Scientists warn airborne transmission of COVID-19 is possible

Date:7 July 2020 Author: Kirsten Jacobs

A group of more than 200 scientists representing over 30 countries are urging the World Health Organisation (WHO) to address the possibility that the novel coronavirus can be spread via the air, and for the organisation to revise its safety recommendations.

In an open letter titled “It is Time to Address Airborne Transmission of Covid-19”, 239 scientists detailed growing evidence that the virus may be airborne. According to the paper, the virus can spread indoors through aerosols that linger in the air. Even in small quantities, this has the potential to be infectious.

“We appeal to the medical community and to the relevant national and international bodies to recognise the potential for airborne spread of COVID-19. There is significant potential for inhalation exposure to viruses in microscopic respiratory droplets (microdroplets) at short to medium distances (up to several meters, or room scale), and we are advocating for the use of preventive measures to mitigate this route of airborne transmission,” reads the paper.

“Studies by the signatories and other scientists have demonstrated beyond any reasonable doubt that viruses are released during exhalation, talking, and coughing in microdroplets small enough to remain aloft in air and pose a risk of exposure at distances beyond 1 to 2 m from an infected individual.”

The paper also says that several retrospective studies conducted after the SARS-CoV-1 epidemic demonstrated that airborne transmission was the most likely mechanism explaining the spatial pattern of infections.

The scientists claim that WHO and most other public health organizations are not taking the potential of airborne transmission as seriously as they should. They say that while the promoted hand washing and social distancing measures are appropriate, they are insufficient to provide protection from virus-carrying respiratory microdroplets released into the air by infected people.

The paper suggests a number of practical measures to mitigate this risk, including:

– Provide sufficient and effective ventilation (supply clean outdoor air, minimize recirculating air) particularly in public buildings, workplace environments, schools, hospitals, and aged care homes.

– Supplement general ventilation with airborne infection controls such as local exhaust, high-efficiency air filtration, and germicidal ultraviolet lights.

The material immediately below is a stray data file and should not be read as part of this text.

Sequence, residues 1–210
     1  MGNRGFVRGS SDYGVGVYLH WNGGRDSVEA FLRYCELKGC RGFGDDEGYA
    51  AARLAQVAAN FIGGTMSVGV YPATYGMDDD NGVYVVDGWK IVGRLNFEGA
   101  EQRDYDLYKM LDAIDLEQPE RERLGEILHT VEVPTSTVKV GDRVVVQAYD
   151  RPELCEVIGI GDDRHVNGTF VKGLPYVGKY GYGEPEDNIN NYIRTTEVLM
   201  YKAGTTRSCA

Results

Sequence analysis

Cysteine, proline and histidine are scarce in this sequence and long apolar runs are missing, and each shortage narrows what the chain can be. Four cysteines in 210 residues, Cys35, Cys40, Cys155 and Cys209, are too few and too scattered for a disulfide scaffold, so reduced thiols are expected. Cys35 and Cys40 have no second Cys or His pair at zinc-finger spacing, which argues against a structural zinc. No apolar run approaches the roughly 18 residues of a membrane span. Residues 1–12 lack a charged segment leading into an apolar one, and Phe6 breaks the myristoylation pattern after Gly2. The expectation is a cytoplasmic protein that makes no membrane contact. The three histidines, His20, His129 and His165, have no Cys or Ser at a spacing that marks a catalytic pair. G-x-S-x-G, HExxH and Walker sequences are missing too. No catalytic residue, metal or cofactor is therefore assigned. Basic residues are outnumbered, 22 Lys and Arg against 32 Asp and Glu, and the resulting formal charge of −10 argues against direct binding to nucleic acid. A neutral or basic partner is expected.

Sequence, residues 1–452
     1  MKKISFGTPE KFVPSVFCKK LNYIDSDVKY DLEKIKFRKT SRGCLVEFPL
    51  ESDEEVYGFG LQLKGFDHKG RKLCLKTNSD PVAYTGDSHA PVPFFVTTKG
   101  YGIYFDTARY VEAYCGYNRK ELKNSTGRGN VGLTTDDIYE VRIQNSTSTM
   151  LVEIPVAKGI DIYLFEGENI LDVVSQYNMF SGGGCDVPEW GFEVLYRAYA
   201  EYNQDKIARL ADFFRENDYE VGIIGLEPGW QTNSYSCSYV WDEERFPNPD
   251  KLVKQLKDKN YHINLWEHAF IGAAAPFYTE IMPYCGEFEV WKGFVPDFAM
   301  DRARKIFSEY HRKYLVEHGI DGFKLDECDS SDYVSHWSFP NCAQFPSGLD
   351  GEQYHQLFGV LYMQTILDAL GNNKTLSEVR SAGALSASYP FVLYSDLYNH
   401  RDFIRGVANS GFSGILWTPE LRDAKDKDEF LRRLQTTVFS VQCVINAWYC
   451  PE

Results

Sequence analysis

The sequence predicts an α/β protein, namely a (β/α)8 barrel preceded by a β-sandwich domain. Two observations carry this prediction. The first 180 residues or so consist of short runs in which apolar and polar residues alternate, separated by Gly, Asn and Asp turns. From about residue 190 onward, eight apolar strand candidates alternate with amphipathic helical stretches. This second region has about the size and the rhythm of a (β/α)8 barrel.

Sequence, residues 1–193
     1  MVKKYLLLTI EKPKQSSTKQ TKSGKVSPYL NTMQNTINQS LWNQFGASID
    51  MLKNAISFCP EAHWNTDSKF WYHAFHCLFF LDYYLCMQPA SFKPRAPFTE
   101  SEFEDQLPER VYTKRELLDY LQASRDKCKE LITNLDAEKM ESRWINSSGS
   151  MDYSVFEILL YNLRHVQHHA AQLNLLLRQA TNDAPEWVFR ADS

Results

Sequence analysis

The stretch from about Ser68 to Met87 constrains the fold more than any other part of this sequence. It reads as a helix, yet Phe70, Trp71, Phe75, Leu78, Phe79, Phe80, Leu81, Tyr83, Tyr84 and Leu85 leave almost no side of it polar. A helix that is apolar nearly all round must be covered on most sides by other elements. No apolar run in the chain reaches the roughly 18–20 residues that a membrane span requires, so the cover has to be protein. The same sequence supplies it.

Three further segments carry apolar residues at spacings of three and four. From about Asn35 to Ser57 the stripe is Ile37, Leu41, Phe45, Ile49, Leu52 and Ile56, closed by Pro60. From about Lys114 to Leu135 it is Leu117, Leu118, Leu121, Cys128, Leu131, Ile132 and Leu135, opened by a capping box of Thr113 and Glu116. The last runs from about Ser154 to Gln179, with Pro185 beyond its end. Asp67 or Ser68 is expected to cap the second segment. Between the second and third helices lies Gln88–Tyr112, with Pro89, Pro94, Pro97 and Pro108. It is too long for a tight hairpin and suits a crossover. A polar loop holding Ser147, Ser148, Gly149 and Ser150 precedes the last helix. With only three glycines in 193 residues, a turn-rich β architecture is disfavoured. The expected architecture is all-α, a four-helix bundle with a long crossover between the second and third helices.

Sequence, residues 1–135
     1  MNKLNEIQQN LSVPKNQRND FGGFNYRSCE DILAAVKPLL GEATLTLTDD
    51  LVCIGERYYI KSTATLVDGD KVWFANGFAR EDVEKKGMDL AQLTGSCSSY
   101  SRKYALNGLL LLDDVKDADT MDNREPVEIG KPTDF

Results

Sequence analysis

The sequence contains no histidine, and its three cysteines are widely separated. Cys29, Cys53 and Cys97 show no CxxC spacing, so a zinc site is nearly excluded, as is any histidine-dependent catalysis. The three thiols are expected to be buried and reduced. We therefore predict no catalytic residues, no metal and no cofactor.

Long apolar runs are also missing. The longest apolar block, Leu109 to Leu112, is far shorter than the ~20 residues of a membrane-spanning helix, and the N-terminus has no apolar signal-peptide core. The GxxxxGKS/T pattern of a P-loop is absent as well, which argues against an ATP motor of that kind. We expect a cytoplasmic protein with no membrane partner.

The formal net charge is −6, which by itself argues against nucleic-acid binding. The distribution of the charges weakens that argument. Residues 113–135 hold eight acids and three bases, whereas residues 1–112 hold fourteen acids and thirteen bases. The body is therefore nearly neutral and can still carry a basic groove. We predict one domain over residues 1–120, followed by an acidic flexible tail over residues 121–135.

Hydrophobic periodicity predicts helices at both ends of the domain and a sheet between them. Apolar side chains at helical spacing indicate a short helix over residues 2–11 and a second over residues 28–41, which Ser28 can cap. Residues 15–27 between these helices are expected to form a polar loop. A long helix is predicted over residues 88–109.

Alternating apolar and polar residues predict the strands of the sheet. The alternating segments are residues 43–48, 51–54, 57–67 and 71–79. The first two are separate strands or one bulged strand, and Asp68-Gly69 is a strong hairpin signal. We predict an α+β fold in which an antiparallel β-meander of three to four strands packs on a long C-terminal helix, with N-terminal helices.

– Avoid overcrowding, particularly in public transport and public buildings.

“We are concerned that the lack of recognition of the risk of airborne transmission of COVID-19 and the lack of clear recommendations on the control measures against the airborne virus will have significant consequences: people may think that they are fully protected by adhering to the current recommendations, but in fact, additional airborne interventions are needed for further reduction of infection risk,” concludes the paper.

“This matter is of heightened significance now, when countries are re-opening following lockdowns – bringing people back to workplaces and students back to schools, colleges, and universities. We hope that our statement will raise awareness that airborne transmission of COVID-19 is a real risk and that control measures, as outlined above, must be added to the other precautions taken, to reduce the severity of the pandemic and save lives.”

In March, WHO said they have found no reported cases of airborne transmission, but do assert that it may be possible in very specific circumstances.

“According to current evidence, COVID-19 virus is primarily transmitted between people through respiratory droplets and contact routes. In an analysis of 75,465 COVID-19 cases in China, airborne transmission was not reported,” they wrote.

“In the context of COVID-19, airborne transmission may be possible in specific circumstances and settings in which procedures or support treatments that generate aerosols are performed; i.e., endotracheal intubation, bronchoscopy, open suctioning, administration of nebulized treatment, manual ventilation before intubation, turning the patient to the prone position, disconnecting the patient from the ventilator, non-invasive positive-pressure ventilation, tracheostomy, and cardiopulmonary resuscitation.”

This paper follows after much criticism has been targetted at WHO for their handling of the COVID-19 pandemic.

Read the full paper here: ciaa939

Image: Pixabay

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